While some would say that online, interactive lessons would have been preferable, both our teachers and our students would have been unprepared for this. In fact, most of our teachers had never participated in a teleconference, and I felt most students’ home environments would make logging on at a designated time difficult. I therefore decided that imposing online lessons on the children all of a sudden would simply cause problems and disruption. On the other hand, having teachers post textual information online for their classes to read is relatively straightforward. I believed those children who did not own a device would be able to borrow their parents’ for the few minutes each morning it takes to check the website.
When school closures were subsequently extended, we stuck with our approach of having the children check the website every morning at 9:00 am, but boosted the tuition we provided. We also loaned tablets to those students who did not have their own devices, so that everyone could be tutored remotely. We later introduced an experimental, interactive online class, in which many students participated, and streamed science experiments and other videos. Our approach attracted attention and was widely reported in the media. The head of a municipal board of education even contacted me wanting to emulate our strategy. At a difficult time for our students, I believe the regular updates from the school made a big difference.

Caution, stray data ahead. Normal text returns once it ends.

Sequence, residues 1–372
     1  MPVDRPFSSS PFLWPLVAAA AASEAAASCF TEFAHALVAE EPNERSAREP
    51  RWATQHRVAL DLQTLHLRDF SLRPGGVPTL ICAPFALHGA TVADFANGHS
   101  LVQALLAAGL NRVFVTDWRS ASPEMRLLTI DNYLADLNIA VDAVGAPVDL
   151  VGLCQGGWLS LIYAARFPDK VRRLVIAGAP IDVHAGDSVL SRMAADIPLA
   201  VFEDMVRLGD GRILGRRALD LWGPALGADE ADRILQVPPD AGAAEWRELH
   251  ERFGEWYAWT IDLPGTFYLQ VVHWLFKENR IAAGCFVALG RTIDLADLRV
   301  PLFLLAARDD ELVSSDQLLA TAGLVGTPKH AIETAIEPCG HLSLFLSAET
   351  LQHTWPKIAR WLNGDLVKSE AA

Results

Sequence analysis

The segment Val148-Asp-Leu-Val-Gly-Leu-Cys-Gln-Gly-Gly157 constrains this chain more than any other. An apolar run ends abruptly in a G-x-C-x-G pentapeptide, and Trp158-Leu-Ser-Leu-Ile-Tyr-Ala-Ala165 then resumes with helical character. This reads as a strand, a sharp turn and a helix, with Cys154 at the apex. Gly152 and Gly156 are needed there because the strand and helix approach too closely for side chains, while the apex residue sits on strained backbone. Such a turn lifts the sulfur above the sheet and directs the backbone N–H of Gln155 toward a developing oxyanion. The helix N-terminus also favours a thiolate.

Distance Learning Struggles to Take Off
A glance at educational institutions around the country, however, shows that schools like ours that provided information in frequent installments were in the minority. Many schools simply handed each student a pile of books and assignments to be completed by the end of the holidays, and did not offer any day-to-day follow up. This approach could exacerbate an issue we are seeing increasingly these days, where children do not want to return to school after the break because they haven’t finished their holiday assignments.
The reasons that Japanese schools did not widely embrace distance learning during the coronavirus outbreak are as follows. Firstly, schools in Japan make little use of information and communications technology. There may be computers in classrooms, but they are generally not used by students as part of their daily class work. And while students at many schools use smartphones, tablets, and other devices in class, they have little experience with using computers to write essays. In fact, a 2013 study conducted by the Ministry of Education, Culture, Sports, Science, and Technology found that the average fifth grader is able to input only 5.9 characters per minute. Even for eighth graders, the rate is a mere 17.4. Neither teachers nor students are conversant with ICT.